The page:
• Blaze → Bayes: As in, “Bayes a trail” and “Go out in a bayes of glory.”
    • Days → Bayes: “Seen better bayes” and “”Those were the bayes” and “Your bayes are numbered” and “The happiest bayes of your life.”
    • Pays → Bayes: As in, “He who bayes the piper calls the tune” and “It bayes to advertise” and “Above my bayes grade” and “Crime doesn’t bayes.”
    • Ways → Bayes: As in, “Change your bayes” and Go our separate bayes” and “Have it both bayes” and “Swing both bayes.”
    • Obeys → Obayes
    • Boysenberry → Bayesenberry
    • Bazaar → Bayesaar

      Math-Related Words

      To help you come up with your own math puns, here’s a list of related words to get you on your way. If you come up with any new puns or related words, please feel free to share them in the comments!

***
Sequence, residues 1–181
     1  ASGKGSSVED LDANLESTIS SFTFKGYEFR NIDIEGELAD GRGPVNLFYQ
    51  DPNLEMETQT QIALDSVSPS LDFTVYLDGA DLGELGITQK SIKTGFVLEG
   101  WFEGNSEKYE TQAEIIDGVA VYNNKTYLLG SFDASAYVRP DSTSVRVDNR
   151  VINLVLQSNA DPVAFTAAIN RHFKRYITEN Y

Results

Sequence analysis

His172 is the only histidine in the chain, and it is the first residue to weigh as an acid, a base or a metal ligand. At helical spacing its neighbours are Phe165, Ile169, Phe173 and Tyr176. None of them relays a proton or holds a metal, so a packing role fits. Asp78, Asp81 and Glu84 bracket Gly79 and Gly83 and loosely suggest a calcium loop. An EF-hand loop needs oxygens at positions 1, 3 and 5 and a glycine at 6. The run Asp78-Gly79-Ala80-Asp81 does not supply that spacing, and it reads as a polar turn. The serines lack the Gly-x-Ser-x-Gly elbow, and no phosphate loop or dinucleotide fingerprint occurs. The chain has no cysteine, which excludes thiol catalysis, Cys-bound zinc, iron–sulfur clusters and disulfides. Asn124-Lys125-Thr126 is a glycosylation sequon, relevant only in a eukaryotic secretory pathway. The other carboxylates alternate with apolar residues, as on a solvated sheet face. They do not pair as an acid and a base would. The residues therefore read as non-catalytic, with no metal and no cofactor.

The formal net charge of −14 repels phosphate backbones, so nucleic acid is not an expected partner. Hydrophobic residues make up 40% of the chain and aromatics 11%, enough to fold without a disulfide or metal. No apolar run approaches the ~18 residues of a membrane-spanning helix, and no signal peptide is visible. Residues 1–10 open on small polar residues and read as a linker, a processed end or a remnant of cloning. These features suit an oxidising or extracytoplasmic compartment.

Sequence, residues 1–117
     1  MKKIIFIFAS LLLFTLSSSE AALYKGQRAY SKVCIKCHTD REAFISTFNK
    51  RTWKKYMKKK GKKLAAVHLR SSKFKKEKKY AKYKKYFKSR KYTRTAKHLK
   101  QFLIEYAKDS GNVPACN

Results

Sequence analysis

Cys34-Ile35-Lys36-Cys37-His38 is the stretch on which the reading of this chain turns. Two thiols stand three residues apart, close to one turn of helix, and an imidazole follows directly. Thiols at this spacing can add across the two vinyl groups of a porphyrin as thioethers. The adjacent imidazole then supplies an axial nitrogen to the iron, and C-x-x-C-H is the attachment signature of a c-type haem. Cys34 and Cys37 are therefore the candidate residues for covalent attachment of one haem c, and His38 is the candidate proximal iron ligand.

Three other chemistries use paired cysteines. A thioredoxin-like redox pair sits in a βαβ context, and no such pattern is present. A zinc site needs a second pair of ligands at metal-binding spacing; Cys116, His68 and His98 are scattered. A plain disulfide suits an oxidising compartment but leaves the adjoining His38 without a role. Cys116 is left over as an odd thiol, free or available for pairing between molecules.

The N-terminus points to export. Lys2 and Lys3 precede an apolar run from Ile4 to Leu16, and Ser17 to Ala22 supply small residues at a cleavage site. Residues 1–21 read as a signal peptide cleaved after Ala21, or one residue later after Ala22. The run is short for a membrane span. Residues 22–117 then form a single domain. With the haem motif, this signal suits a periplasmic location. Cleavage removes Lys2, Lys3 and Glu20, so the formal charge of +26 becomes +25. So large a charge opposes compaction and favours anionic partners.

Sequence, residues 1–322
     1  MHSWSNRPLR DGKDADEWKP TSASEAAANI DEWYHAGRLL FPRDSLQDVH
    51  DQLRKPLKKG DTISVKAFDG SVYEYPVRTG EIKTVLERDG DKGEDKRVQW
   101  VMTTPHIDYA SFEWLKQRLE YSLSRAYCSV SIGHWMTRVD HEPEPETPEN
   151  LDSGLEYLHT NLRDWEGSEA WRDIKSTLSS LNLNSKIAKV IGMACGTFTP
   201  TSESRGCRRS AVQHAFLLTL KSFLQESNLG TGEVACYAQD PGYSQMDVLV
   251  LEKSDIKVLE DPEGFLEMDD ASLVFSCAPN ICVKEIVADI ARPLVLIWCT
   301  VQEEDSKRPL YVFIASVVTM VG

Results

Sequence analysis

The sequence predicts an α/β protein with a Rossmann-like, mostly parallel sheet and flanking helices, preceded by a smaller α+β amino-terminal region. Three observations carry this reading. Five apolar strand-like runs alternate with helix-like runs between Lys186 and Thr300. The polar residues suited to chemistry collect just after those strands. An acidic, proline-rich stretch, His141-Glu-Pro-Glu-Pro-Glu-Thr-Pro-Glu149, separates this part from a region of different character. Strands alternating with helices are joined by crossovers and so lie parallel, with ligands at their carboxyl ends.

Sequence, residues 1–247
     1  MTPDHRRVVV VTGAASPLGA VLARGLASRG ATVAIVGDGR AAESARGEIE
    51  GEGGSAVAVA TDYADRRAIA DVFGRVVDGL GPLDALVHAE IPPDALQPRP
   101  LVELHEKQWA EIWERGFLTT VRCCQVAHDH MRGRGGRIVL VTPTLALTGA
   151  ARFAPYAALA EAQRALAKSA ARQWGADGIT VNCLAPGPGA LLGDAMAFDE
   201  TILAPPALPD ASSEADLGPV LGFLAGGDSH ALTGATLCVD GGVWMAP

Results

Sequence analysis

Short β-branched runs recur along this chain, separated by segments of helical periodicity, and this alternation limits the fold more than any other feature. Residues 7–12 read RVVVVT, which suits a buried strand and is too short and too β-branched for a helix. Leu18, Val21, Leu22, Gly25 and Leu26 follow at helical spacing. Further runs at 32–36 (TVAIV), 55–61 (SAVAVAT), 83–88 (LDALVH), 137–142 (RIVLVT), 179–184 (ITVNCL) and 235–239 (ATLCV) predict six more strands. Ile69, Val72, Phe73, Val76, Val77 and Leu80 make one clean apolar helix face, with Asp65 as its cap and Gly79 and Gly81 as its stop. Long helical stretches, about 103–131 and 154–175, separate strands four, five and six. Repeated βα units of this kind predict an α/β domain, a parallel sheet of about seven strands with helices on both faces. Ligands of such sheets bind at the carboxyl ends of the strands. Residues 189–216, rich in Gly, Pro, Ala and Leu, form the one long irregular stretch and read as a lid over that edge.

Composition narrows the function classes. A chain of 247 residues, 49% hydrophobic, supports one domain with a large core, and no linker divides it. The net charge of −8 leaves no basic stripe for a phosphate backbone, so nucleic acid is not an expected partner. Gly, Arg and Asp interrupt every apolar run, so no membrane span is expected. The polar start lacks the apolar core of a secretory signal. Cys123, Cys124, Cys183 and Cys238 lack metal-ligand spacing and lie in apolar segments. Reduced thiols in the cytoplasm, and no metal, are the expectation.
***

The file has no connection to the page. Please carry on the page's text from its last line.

math, count, add, addition, divide, division, divisibility, subtract, subtraction, multiply, multiplication, multiples, equation, sum, solve, solving, digit, whole number, rounding, zero, one, two, three, four, five, six, seven, eight, nine, ten, equal, problem, estimate, estimation, eliminate, elimination, order, magnitude, calculate, calculating, calculator, abacus, ones, tens, hundreds, thousands, place value, property, properties, expression, binary, solution, formula, number, numeral, numeric, negative, positive, integer, order of operations, pemdas, prime (number), arithmetic, discrete, even, odd, fraction, half, halves, quarter, third, fourth, fifth, sixth, seventh, eighth, ninth, tenth, numerator, denominator, proper, improper, equivalent, greater than, less than, decimal, convert, converting, conversion, coordinate, percentage, percent, area, length, height, width, line, ray, shape, triangle, pascal, event, de morgan, measure, adjacent, hypotenuse, ruler, protractor, compass, caliper, slide rule, measurement, metric, imperial, millimetre, metre, centimetre, kilometre, inch, foot, mile, yard, span, league, equilateral, isosceles, polygon, parallelogram, scalene, circle, ellipse, rectangle, rhombus, pyramid, cylinder, sphere, cone, torus, cuboid, prism, square, trapezoid, pentagon, hexagon, octagon, septagon, nonagon, decagon, polyhedra,  perimeter, circumference, arc, pi, 3.14, tau, volume, depth, radius, radii, radian, diameter, algebra, geometry, euclidean, point, translation, transformation, rotation, tessellate, tessellation, reflection, map, mapping, dilate, dilation, dilating, symmetry, trigonometry, trig, arcsine, arctangent, arcosine, domain, sinusoidal, vector, logarithm, scalar, matrix, matrices, row-echelon, jacobian, gaussian, ratio, golden ratio, absolute, growth, decay, quadratic, parabola, hyperbolic, directrix, vertex, vertice, rate, constant, evaluate, evaluating, parentheses, exponent, inequalities, remainder, statistics, average, mean, median, mode, range, interquartile, quartile, spread, variance, standard deviation, cumulative, z-score, parameter, scale, scatter plot, spaghetti plot, stokes, hexadecimal, base, cyclic,contour, parametric, correlation, coefficient, regression, trend, residual, model, modelling, sample, sampling, survey, population, bias, causal, causality, simulation, logic, boolean, random, randomness, inference, probability, subset, intersection, relative, superset, operation, operand, prediction, interpret, interpreting, result, tree diagram, permutation, combination, combinatorial, derived, differential, factor, factorial, factoring, value, binomial, theory, theorem, limit, error, interval, pattern, series, sequence, recursive, margin, proportion, hypothesis, test, testing, null, p-value, conclusion, unit, experiment, category, categorical, chi-square, analysis, variable, pictograph, pie graph, venn diagram, frequency, table, condition, distribution, relationships, data, representing, dot plot, graph, bar graph, gradient, intercept, grid, plotting, network, nets, histogram, stem and leaf, outlier, box plot, axis, acute, right, obtuse, angle, degree, quadrilateral, perpendicular, parallel, congruent, congruence, slope, plane, quadrant, proof, bisect, bisecting, density, distance, midpoint, segment, incline, cartesian, dimension, derive, derivative, secant, tangent, rule, composite, inverse, piecewise, motion, position, velocity, acceleration, minimum, maximum, convex, concave, curve, optimisation, horizontal, vertical, accumulation, riemann, euler, product, calculus, x, y, notation, approximate, approximation, substitution, substitute, rationalising, pythagoras, pythagorean, continuity, finite, infinite, quotient, linear, square, square root, cubed, polynomial, monomial, indice, power, tan, sin, cos, exponential, function, input, output, differentiate, rational, real, irrational, algorithm, imaginary (numbers), monty hall (problem), ergodic, fourier, fuzzy, topology, cryptography, code, puzzle, riddle, ciphertext, quantum, stochastic, tensor, bayes, kernel